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On March 5, 2007, at approximately 1035 eastern standard time, a Cessna 150M, N66513, piloted by a student pilot was substantially damaged when it impacted terrain and a house in Bedford, Indiana. Visual meteorological conditions prevailed at the time of the accident. The personal flight was being operated under the provisions of 14 Code of Federal Regulations (CFR) Part 91 without a flight plan. The student pilot and his passenger were fatally injured. There were no ground injuries reported. The local area flight departed the Virgil I. Grissom Municipal Airport (BFR), Bedford, Indiana, at approximately 0900.
Eyewitnesses reported that the airplane was on a high final approach to runway 6 when it made a sudden 90-degree left turn to the north. The airplane then momentarily leveled its wings before entering a 45-degree dive toward the ground. The eyewitnesses thought it was unusual that the airplane was maneuvering toward runway 6, because the winds were out of the west.
According to Federal Aviation Administration (FAA) records, the student pilot, age 47, was issued his student pilot and third-class medical certificate on November 14, 2006. The medical certificate had the limitation "holder must wear corrective lenses."
The student pilot had accumulated 15.9 hours total flight time since commencing flight training in July 2006. All of his flight training was completed in a Cessna 150 airplane. His only solo flight was completed on January 20, 2007, and was under the supervision of his flight instructor. The solo flight was 0.3 hours in duration. During the previous 90-days, 30-days, and 24-hours, the pilot had flown 5.7 hours, 1.6 hours, and 1.6 hours total flight time, respectively.
The accident airplane was a single engine 1975 Cessna 150M (Commuter II), serial number 15076092. The airplane incorporated a strutted high-wing design with a fixed tricycle landing gear, and could accommodate two occupants. The airplane was powered by a Teledyne Continental Motors O-200-A48 four-cylinder, carbureted, reciprocating engine. The 100-horsepower engine provided power through a McCauley 1A102/OCM two-bladed propeller. The metal propeller was a fixed-pitch design.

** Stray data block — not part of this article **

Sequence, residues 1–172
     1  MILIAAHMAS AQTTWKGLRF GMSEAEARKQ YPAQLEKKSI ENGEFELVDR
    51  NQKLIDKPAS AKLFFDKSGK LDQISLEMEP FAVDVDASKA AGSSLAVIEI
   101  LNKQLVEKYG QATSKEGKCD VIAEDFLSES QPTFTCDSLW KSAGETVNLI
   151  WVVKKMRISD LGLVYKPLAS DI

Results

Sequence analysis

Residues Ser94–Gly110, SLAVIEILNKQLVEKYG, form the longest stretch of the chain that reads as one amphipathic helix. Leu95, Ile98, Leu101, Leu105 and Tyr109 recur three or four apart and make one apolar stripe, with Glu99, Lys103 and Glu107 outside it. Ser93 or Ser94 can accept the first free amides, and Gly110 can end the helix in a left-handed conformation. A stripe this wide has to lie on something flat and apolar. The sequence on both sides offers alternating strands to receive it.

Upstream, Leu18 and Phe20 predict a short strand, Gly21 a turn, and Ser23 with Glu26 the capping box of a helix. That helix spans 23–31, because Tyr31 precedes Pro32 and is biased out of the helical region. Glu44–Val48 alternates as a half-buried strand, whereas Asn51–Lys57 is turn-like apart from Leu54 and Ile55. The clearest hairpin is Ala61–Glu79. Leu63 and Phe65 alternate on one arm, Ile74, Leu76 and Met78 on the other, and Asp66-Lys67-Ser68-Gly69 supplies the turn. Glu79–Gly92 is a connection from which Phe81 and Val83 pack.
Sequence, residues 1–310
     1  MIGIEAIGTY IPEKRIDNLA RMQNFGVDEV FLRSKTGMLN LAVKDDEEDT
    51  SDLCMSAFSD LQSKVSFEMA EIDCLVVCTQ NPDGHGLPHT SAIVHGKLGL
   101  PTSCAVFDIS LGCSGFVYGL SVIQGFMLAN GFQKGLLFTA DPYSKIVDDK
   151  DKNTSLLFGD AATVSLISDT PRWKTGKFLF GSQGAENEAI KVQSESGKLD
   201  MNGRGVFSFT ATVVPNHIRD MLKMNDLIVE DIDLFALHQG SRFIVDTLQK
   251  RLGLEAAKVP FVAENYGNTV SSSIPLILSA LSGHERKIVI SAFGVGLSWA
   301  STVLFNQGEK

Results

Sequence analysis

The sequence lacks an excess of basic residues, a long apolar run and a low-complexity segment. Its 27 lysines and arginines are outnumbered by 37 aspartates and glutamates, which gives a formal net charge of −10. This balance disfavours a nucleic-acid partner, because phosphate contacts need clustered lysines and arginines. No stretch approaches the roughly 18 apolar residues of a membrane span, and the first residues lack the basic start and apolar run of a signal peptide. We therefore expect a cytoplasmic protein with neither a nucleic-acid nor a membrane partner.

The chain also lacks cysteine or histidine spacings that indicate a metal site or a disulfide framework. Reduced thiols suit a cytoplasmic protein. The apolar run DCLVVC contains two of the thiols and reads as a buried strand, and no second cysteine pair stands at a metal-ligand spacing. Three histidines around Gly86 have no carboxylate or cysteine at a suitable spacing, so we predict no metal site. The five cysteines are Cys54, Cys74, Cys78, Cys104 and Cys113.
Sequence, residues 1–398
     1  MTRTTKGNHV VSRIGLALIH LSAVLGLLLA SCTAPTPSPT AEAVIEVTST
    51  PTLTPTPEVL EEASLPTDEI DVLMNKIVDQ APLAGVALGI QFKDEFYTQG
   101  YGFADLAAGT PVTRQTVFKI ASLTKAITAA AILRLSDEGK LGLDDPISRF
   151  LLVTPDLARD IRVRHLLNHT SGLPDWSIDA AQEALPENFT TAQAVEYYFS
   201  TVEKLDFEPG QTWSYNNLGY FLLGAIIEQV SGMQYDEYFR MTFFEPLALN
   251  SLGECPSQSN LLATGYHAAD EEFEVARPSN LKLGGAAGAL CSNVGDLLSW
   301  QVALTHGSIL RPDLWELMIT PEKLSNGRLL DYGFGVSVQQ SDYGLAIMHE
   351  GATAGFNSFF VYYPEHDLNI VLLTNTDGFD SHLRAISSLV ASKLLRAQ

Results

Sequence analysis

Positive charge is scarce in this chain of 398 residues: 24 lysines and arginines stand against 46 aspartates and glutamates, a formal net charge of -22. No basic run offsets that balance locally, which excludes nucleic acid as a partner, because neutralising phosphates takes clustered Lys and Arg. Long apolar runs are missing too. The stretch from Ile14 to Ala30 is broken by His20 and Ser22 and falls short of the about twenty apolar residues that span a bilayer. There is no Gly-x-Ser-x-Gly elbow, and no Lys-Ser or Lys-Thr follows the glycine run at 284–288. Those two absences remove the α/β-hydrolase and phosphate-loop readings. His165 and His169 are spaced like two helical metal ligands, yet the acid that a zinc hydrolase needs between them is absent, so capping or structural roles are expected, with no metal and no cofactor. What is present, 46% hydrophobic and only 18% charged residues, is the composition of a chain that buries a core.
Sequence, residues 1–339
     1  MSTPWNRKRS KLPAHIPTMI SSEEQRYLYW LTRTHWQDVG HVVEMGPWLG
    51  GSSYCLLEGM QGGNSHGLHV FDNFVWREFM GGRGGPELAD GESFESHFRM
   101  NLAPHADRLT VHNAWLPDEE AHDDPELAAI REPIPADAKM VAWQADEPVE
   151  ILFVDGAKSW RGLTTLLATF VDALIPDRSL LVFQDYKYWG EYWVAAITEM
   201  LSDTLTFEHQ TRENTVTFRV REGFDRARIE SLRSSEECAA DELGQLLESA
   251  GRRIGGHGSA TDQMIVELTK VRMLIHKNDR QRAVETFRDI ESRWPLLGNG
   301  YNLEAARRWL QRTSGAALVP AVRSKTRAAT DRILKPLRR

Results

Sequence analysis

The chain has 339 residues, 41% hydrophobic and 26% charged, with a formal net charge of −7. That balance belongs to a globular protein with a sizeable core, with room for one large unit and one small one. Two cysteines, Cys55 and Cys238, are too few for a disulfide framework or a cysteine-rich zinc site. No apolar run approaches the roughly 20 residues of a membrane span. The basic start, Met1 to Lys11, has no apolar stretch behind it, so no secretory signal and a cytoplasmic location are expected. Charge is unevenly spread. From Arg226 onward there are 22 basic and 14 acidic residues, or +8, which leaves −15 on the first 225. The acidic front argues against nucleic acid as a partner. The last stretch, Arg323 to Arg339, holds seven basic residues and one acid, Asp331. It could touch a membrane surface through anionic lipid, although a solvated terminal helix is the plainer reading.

According to the maintenance logbooks, the last annual inspection was completed on October 16, 2006, at 6,745 total airframe hours. At the time of the accident, the airplane had accumulated 6,838 hours since new and the engine had accumulated 1,423 hours since its last overhaul. A review of the airframe, engine and propeller records found no history of unresolved airworthiness issues.
The Virgil I. Grissom Municipal Airport (BFR) was equipped with an automated surface observing system (ASOS). At 1055, the BFR ASOS reported the following weather conditions: wind 260 degrees true at 6 knots; visibility 10 statute miles; sky clear; temperature 7 degrees Celsius; dew point -3 degrees Celsius; altimeter setting 30.26 inches of mercury.
WRECKAGE AND IMPACT INFORMATION
The airplane contacted a tree line before impacting an asphalt driveway and a house. The house was about 0.3 miles north-northwest of the runway 6 threshold. The tree line was about 90 feet south of where the airplane impacted the driveway. The calculated descent angle was 28-degrees. The airplane nose and engine penetrated the south-facing external wall and subfloor of the house. Both wing leading edges were crushed rearward. The ailerons and flaps remained attached to their respective wings. The wing flaps were in a fully retracted position. The empennage remained attached to the fuselage, with the rudder and elevator still attached to their respective hinges. Flight control cable continuity was confirmed at the accident site.
The engine was rotated by turning the propeller flange. Crankshaft continuity was confirmed to all engine cylinders, rear gear assemblies, and the valve train. Compression and suction was confirmed on all four cylinders. Both magnetos provided spark while the crankshaft was rotated. The upper spark plugs were light brown in color and exhibited wear consistent with normal engine operation. Both propeller blades exhibited pronounced chord-wise scratching.
Examination of the wreckage revealed no evidence of a pre-impact mechanical malfunction.
MEDICAL AND PATHOLOGICAL INFORMATION
On March 6, 2007, an autopsy was performed on the pilot at the Dunn Memorial Hospital, Bedford, Indiana. The cause of death was attributed to an "aircraft crash with multiple blunt force injuries."
The FAA's Civil Aeromedical Institute in Oklahoma City, Oklahoma, performed toxicology tests on the pilot. No carbon monoxide or cyanide was detected in blood, no ethanol was detected in vitreous, and no drugs were detected in blood.
According to the Indiana State Police, the student pilot and his ex-wife had an on-going custody dispute concerning their minor daughter. The passenger on board the airplane was the pilot's minor daughter. The house that the airplane impacted belonged to the pilot's ex-mother-in-law. The event was handled by the Indiana State Police as a murder/suicide homicide investigation.
According to FAA regulation 14 CFR Part 61.89(a), a student pilot is prohibited from acting as pilot-in-command of an aircraft carrying passengers.